"Appropriately scoped" satellite licensing streamlining legislation that doesn't seemingly open the door to more expansive FCC responsibilities likely wouldn't get opposition from the Space Frontier Foundation or other groups, said SFF Chairman Sean Mahoney. The group opposed HR-1338. Commerce should be the home for oversight of novel space activities, he said.

A new iteration of the bill, with cleared-up language about FCC safety authority oversight, wouldn’t be surprising, said Michael Dodge, University of North Dakota space studies associate professor. There seems to be growing consensus in Congress about giving more regulatory oversight to Commerce’s Office of Space Safety, though the likelihood of one authority for all on-orbit activities is very slim in the near term, he said.

Other House Activity

The House passed three other communications measures Tuesday on voice votes: the Launch Communications Act (HR-682), Securing Semiconductor Supply Chains Act (HR-752) and NTIA Policy and Cybersecurity Coordination Act (HR-1345). The Senate Commerce Committee plans to mark up HR-682 companion S-1648 Thursday (see 2307210071).

House Appropriations may mark up the LHHS FY24 bill this week, but its schedule is still “fluid” amid other chamber priorities before its planned departure Friday for the month-plus August recess, Aderholt told us. He acknowledged significant "reservations" from Senate Appropriations LHHS Subcommittee leaders and congressional Democrats to the proposal to cut CPB’s advance appropriations (see 2307210065) but emphasized that “funding isn’t completely zeroed out.”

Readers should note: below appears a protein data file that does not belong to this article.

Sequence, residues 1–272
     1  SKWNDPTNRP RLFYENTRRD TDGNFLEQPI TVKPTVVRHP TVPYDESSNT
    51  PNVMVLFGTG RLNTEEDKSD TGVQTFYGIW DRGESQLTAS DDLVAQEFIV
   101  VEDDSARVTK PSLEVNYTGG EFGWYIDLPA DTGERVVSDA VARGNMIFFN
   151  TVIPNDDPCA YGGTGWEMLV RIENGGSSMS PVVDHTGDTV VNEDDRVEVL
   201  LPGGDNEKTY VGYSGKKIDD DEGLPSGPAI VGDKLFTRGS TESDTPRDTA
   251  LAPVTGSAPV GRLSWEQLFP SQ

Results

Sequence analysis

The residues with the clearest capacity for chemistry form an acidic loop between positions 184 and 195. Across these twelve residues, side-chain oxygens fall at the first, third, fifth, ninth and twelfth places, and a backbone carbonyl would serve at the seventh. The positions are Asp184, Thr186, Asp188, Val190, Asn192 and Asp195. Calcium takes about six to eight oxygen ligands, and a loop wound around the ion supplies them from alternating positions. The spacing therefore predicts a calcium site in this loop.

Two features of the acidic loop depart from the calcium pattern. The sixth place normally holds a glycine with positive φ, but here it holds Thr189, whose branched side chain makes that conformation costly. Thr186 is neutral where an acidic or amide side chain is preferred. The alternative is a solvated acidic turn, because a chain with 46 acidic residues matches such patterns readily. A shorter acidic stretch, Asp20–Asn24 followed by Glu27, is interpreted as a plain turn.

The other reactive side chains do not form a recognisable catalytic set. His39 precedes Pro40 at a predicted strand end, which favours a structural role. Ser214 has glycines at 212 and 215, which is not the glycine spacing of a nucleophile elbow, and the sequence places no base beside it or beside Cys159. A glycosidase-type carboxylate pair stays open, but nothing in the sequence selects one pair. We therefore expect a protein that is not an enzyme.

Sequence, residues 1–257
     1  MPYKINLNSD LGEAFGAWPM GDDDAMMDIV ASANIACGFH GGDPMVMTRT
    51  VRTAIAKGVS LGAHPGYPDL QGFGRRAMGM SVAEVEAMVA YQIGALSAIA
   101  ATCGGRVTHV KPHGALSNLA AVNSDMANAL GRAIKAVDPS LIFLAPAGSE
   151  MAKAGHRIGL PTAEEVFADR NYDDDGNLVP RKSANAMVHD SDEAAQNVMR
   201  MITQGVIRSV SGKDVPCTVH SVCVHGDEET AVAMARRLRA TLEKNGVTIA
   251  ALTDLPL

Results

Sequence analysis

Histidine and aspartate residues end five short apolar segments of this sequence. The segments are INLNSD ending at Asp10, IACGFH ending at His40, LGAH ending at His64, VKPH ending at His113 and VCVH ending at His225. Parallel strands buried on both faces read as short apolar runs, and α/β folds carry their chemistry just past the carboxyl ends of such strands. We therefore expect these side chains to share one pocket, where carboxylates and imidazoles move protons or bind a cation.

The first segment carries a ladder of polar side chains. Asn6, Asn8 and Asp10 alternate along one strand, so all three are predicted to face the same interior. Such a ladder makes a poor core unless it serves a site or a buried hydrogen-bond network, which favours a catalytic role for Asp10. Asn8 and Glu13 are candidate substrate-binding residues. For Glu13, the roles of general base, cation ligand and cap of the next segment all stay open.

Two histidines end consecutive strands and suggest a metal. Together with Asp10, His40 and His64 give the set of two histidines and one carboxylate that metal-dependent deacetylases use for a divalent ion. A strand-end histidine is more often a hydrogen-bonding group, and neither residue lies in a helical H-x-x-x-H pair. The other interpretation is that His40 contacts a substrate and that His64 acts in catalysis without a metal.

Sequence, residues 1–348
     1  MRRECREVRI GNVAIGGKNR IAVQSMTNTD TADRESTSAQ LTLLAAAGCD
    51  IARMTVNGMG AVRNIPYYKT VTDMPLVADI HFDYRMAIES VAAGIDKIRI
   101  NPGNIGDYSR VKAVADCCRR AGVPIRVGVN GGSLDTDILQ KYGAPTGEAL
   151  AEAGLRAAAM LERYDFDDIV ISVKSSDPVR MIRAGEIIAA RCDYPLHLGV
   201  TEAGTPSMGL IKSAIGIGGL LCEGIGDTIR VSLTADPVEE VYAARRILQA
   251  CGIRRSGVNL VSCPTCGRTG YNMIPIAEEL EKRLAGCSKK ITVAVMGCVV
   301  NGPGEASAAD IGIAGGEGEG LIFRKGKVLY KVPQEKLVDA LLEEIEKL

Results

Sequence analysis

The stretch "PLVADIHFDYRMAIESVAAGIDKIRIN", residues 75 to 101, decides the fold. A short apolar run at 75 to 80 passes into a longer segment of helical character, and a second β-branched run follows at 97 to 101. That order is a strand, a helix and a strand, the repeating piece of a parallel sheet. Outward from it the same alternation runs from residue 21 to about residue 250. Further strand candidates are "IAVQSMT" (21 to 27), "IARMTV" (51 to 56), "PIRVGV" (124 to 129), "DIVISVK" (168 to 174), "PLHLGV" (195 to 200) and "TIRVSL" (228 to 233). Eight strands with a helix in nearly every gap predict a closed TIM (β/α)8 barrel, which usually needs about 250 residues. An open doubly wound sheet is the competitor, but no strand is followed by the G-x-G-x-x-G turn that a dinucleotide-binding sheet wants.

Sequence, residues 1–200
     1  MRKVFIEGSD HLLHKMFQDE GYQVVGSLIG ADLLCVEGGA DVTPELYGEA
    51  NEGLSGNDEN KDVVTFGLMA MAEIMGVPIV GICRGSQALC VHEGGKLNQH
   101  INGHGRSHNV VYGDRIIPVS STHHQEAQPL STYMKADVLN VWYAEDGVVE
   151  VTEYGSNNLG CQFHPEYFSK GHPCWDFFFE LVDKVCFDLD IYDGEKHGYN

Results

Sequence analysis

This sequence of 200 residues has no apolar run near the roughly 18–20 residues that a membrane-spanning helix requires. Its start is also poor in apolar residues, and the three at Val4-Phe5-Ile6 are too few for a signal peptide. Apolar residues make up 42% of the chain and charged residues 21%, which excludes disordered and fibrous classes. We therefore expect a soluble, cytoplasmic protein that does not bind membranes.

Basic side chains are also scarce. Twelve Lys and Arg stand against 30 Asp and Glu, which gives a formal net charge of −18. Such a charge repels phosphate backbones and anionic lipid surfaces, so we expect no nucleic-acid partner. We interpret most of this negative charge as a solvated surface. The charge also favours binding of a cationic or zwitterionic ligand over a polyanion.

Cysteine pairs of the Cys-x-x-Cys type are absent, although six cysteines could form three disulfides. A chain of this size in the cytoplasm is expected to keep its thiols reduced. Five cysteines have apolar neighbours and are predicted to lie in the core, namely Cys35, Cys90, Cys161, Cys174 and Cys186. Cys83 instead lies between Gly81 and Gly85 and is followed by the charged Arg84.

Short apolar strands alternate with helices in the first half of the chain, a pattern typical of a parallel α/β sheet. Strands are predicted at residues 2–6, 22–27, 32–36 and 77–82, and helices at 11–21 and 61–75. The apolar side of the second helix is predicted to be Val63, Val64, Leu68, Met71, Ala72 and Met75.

Anything could be on the table” for CPB funding once Congress reaches the FY26 appropriations cycle, Aderholt said. “There are some good things that public broadcasting does and so we need to look at” those factors in evaluating its future funding asks. “We had to look at every possible way to cut” down the appropriations level given House GOP caucus priorities “and that was unfortunately something” that met that need, he said. Congress allocated CPB $535 million for FY 2025 in the FY 2023 omnibus appropriations package (see 2212210077). President Joe Biden proposed increasing its annual appropriation to $575 million for FY26.

House Commerce will mark up two other telecom and tech bills Thursday along with HR-4510: the AI Accountability Act (HR-3369) and DiasporaLink Act (HR-3385). HR-4510 would elevate the NTIA administrator’s affiliated role as assistant Commerce secretary-communications and information to an undersecretary level. It would set NTIA’s annual appropriations at $62 million in both FY 2024 and FY 2025. “We must make certain that America, not China, is capturing the innovations in” the telecom industry, “as well as developing and eventually deploying cutting edge technologies,” Rodgers said. The markup session will begin at 10 a.m. in 2123 Rayburn.